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I'm attempting to Minimize the following function with Minimize:

V0[Lambda_,m2_,k_,phi_] := Lambda + (1/2) m2 phi^2 + (1/4) k phi^4

and used the following code:

Minimize[V0[Lambda,m2,k,phi], phi]

I received the following output, which makes no sense to me since this function is easily minimized:

{Piecewise[{{Lambda, (m2 == 0 && k > 0) || (m2 > 0 && k >= 0) || (m2 == 0 && k == 0 && Lambda > 0) ||

                                                             2
                                              4 k Lambda - m2
>        (m2 == 0 && k == 0 && Lambda < 0)}, {----------------, m2 < 0 && k > 0},
                                                    4 k

>      {-Infinity, (m2 == 0 && k < 0) || (m2 > 0 && k < 0) || (m2 < 0 && k <= 0)}}],

                                     2       4
>    {phi -> Piecewise[{{Root[2 m2 #1  + k #1  & , 1], m2 > 0 && k >= 0},

                 2
               m2           2       4
>        {Root[--- + 2 m2 #1  + k #1  & , 1], m2 < 0 && k > 0},
                k

>        {0, (m2 == 0 && k > 0) || (m2 == 0 && k == 0 && Lambda == 0) || (m2 == 0 && k == 0 && Lambda > 0) ||

>          (m2 == 0 && k == 0 && Lambda < 0)}}, Indeterminate]}}

That being said, this function is readily minimized using:

Solve[D[V0[Lambda,m2,k,phi],phi] == 0, phi]

, which yields the correct solutions. However, I want to use the Minimize function as the "Solve" method fails for more complicated functions that I'm working with. For example:

f[x_] := (x^2/4) (Log[x] - (3/2));
fv[x_] := (x^2/4) (Log[x] - (5/6));

V1[m2_,e_,phi_,k_,xi_,xitilde_,Q_] := Module[{},    
    Z = e^2 phi^2;
    G = m2 + k phi^2;
    H = m2 + 3 k phi^2;
    Zp = xitilde Z + 1/2 (G + Sqrt[G (G + 4 (xitilde - xi) Z)]);
    Zm = xitilde Z + 1/2 (G - Sqrt[G (G + 4 (xitilde - xi) Z)]);
    Zg = xitilde Z;

(1/(16 Pi^2)) (f[H] + 3 fv[Z] + f[Zp] + f[Zm] - f[Zg])
];

Any input is appreciated. Thanks!

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  • $\begingroup$ Can the parameters be any real numbers? Or are they restricted to certain domains (e.g., positive reals)? I think that's why you're getting a complicated piecewise answer. $\endgroup$ – Michael E2 Mar 4 '20 at 1:33
  • $\begingroup$ The parameters are not restricted to certain domains. They are left simply as user defined variables. As I mentioned in the post, I'm completely befuddled because the solutions are easily arrived at through the "Solve" method, but the Minimize function returns an incomprehensible mess for what should be a simple function. $\endgroup$ – jmaloney1985 Mar 4 '20 at 1:57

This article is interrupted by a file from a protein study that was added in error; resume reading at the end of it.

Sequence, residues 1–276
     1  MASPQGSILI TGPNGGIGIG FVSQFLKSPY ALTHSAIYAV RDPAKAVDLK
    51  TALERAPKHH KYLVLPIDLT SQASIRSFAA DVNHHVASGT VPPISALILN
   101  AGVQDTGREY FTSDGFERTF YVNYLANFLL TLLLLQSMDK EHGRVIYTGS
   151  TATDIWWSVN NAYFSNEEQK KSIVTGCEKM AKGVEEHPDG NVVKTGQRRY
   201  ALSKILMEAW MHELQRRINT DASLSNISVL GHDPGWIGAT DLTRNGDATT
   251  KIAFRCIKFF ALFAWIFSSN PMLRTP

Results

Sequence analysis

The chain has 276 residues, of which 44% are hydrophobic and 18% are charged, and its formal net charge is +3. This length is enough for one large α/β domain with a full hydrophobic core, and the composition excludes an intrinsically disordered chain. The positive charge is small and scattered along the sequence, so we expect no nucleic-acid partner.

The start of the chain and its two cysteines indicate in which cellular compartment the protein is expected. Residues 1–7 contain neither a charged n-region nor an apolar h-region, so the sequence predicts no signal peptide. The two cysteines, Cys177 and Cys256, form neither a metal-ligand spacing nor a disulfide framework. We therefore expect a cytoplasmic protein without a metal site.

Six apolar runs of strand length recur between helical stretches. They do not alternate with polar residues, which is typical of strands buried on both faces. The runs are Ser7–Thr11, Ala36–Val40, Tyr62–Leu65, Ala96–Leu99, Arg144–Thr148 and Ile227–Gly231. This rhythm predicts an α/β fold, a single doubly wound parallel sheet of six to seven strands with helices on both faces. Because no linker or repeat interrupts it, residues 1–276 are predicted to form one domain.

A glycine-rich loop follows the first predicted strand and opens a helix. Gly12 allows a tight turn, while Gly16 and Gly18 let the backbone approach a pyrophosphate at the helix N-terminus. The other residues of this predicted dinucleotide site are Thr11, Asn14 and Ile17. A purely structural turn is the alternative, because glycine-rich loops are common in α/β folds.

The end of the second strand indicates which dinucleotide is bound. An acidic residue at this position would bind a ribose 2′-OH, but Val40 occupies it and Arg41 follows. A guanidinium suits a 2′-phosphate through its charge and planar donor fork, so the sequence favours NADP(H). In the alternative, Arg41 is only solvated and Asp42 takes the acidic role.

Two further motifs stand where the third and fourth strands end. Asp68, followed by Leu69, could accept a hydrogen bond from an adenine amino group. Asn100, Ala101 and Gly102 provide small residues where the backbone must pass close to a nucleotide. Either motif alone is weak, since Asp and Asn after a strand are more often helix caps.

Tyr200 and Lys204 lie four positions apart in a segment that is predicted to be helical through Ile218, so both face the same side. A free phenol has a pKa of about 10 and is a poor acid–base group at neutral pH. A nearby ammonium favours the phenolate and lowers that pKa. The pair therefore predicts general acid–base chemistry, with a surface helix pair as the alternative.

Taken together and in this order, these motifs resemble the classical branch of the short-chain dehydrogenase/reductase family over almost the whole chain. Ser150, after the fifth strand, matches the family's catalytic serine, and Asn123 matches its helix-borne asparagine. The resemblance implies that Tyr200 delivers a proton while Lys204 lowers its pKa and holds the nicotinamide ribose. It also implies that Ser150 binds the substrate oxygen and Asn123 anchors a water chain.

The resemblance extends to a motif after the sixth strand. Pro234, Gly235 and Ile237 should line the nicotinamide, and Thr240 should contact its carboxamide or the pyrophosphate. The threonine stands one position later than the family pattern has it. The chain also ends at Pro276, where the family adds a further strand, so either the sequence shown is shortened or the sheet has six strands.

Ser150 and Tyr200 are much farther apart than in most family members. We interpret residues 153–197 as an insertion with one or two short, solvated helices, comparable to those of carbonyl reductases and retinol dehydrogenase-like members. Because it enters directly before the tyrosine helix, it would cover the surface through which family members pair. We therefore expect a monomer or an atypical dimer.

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If we can't constrain any of the parameters to a domain like Reals, I'm not sure I would agree that this is easily minimized. What if Lambda is complex? All of a sudden your function is generating complex numbers. Is $4 + 3i < 3 + 4i$? If you want to compare these numbers, you'll have to tell Mathematica how you would like the comparison performed.

What if m2 > 0 and k < 0? Then your function opens downward and the solution appears to be indeterminate, which the output of your Solve doesn't show.

Keep in mind that setting the derivative equal to zero only allows you to find local minima AND maxima. Solve is telling you that there are 3 local minima/maxima but not all 3 can actually be a minimum here.

Also Minimize operates on the assumption that all variables are real, so it won't find any complex values. If we constrain the values to be real, the result of Minimize is correct. Though complicated to interpret at first, the conditions contain important information.

Let's break down the first part:

$ \begin{cases} \text{Lambda} & (\text{m2}=0\land k>0)\lor (\text{m2}>0\land k\geq 0)\lor (\text{m2}=0\land k=0\land \text{Lambda}>0)\lor (\text{m2}=0\land k=0\land \text{Lambda}<0) \\ \frac{4 k \text{Lambda}-\text{m2}^2}{4 k} & \text{m2}<0\land k>0 \\ -\infty & (\text{m2}=0\land k<0)\lor (\text{m2}>0\land k<0)\lor (\text{m2}<0\land k\leq 0) \end{cases} $

Mathematica is giving you a piecewise function that defines what the minimum values of your function will be. For example, if m2 == 0 and k > 0 then the minimum of your function is Lambda. A more important case is the last one, which I'll come back to.

$ phi \to \begin{cases} \text{Root}\left[\text{$\#$1}^4 k+2 \text{$\#$1}^2 \text{m2}\&,1\right] & \text{m2}>0\land k\geq 0 \\ \text{Root}\left[\text{$\#$1}^4 k+2 \text{$\#$1}^2 \text{m2}+\frac{\text{m2}^2}{k}\&,1\right] & \text{m2}<0\land k>0 \\ 0 & (\text{m2}=0\land k>0)\lor (\text{m2}=0\land k=0\land \text{Lambda}=0)\lor (\text{m2}=0\land k=0\land \text{Lambda}>0)\lor (\text{m2}=0\land k=0\land \text{Lambda}<0) \\ \text{Indeterminate} & \text{True} \end{cases} $

This part tells you that the minimum occurs when phi takes on one of the values in the piecewise function. Root objects are often a bit of a surprise to new Mathematica users, but there are a lot of good posts on that topic so I won't go into them here.

The last case applies when none of the previous conditions have been met. An example is when k < 0 and m2 > 0. Let's say k = -5, m2 = 5, and Lambda = 2. In this case, we get a downward facing $x^4$ curve which goes to $-\infty$ as phi goes to either positive or negative $\infty$. This means that the minimum is $-\infty$, but the value of phi is Indeterminate.

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